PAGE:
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A Psychiatrist's Take on Brother Bombers

Eugene, writing in response to our “Running to Do Evil” podcast, about the brothers Tsarnaev and Kaczynski

Speaking as a psychiatrist,
With your re-examination of the Kaczynski brothers, you captured my running hypothesis regarding the interpersonal dynamic of the two Boston Marathon bombers.  It was like you read my mind by unarchiving that interview you did so long ago with Ted Kaczynski.  Scary.
I’m sure you knew this as you’ve probably talked to many of my ilk during and after this interview done long ago.  But the bizarre way Ted flips the tables on his sense of victimhood, as well as many other aspects of his interview, are pretty consistent with a textbook description of narcissistic personality disorder.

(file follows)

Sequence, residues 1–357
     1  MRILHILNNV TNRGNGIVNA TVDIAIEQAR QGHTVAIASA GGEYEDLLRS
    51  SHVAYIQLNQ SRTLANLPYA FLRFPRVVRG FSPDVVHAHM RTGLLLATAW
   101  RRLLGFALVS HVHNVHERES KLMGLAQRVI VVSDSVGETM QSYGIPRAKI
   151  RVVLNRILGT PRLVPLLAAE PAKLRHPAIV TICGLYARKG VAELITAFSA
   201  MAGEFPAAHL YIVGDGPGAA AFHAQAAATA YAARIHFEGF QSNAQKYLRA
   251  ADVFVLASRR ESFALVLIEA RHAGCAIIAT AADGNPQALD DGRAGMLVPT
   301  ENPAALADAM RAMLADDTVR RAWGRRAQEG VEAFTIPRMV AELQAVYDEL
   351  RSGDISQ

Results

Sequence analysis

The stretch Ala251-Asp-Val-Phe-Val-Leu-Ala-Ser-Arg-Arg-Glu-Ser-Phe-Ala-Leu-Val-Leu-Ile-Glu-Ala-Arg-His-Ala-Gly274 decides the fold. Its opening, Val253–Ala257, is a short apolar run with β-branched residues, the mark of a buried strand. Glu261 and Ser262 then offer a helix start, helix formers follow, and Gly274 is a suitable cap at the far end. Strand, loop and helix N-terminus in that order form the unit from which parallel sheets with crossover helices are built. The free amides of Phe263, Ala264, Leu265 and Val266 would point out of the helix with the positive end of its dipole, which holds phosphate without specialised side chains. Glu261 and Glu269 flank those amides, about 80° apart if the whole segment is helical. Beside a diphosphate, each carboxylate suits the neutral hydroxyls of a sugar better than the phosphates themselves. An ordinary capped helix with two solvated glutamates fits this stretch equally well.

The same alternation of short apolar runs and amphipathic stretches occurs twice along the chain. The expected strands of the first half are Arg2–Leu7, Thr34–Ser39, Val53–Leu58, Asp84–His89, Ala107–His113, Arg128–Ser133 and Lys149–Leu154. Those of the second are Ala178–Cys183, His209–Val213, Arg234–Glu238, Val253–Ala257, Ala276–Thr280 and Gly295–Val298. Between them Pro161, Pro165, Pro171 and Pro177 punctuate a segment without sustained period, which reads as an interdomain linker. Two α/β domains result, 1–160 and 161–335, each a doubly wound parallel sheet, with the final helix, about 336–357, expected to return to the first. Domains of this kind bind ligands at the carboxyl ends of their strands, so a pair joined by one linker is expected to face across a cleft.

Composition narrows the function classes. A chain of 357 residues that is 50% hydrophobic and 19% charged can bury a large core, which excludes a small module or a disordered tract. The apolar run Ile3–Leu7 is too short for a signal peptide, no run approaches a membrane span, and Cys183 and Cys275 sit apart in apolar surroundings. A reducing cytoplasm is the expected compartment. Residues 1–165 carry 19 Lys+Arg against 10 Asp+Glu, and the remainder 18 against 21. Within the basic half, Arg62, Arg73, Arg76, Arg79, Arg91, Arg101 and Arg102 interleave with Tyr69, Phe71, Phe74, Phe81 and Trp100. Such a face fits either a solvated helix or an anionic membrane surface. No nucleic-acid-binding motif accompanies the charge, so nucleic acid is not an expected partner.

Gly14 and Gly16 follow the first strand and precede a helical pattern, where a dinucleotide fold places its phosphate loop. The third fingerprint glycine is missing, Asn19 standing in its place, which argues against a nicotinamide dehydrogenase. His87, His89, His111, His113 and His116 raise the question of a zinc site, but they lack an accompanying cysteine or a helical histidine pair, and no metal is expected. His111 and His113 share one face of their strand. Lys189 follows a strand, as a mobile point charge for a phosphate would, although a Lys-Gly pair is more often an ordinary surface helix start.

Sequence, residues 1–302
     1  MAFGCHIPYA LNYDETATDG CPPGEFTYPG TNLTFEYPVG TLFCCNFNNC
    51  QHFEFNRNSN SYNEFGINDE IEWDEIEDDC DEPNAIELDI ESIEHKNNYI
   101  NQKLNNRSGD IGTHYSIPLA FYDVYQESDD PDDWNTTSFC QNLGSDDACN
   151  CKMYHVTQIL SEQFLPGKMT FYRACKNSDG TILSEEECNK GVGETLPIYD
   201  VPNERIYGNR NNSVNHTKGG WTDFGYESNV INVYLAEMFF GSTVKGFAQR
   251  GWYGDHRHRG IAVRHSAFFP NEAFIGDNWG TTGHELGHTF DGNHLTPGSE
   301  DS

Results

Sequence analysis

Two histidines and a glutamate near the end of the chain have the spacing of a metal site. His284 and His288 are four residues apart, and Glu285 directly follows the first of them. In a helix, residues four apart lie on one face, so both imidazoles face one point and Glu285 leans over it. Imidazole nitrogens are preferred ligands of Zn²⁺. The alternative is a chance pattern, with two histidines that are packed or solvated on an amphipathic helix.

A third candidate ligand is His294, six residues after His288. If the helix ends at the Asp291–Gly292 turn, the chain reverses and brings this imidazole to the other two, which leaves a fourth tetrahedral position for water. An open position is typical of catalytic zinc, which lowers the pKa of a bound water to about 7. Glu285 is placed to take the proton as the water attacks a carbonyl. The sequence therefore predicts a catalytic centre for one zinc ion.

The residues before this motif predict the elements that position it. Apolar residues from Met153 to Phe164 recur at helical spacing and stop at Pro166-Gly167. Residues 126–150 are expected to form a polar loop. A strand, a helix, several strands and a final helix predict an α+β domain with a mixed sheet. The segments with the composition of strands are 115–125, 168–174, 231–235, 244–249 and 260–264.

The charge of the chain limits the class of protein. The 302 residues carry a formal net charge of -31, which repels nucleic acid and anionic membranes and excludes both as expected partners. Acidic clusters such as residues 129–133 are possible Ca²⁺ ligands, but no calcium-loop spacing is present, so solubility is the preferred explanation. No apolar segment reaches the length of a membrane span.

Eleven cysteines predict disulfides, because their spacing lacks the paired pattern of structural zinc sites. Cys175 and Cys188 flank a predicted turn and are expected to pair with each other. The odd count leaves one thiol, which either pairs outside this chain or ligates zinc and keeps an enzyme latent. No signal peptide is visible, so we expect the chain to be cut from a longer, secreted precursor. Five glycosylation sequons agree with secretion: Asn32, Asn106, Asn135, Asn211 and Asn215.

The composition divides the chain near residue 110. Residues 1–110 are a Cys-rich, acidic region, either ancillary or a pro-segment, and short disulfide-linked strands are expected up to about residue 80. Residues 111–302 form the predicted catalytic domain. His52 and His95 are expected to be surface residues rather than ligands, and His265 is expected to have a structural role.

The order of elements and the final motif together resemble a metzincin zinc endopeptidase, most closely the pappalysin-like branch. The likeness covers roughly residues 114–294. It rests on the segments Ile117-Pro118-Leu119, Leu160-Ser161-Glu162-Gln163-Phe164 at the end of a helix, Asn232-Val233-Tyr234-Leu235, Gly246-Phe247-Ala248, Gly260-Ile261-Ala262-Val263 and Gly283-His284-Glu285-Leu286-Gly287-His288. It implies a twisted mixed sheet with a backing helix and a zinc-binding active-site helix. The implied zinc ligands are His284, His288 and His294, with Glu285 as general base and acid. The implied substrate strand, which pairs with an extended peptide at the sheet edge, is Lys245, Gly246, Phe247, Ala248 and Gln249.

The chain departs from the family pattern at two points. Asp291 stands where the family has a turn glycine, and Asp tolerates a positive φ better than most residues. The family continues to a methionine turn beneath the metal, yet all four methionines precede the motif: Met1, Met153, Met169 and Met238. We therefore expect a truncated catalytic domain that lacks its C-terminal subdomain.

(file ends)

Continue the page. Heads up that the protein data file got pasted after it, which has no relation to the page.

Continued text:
The best way I can describe this pathologic narcissism is if you can imagine a person’s perceived sense of self and identity as being a beautiful shiny but extremely brittle eggshell.  When they glance in the mirror they see nothing wrong; however it doesn’t take much for that facade to crack and for the person to then aggressively find ways to protect what’s actually inside… as it could be rotted to varying degrees.  They don’t want to see it, nor do they want others to see that bit of rot, that bit of darkness.
You’re definitely on to something by presenting this parallel between the sets of brothers.  Its important of course, to make the distinction you clearly made at the end between the younger brothers’ behaviors, as they apparently went in completely different directions.
But regarding the brother in the most recent case:
A “true believer” of extremist ideology would not have given himself up in the boat.
A “true believer” of extremist ideology would not have cooperated as much as he’s done in this last week.
The distinctly separate pictures painted of the two brothers by their friends, family, and colleagues should be noted as well.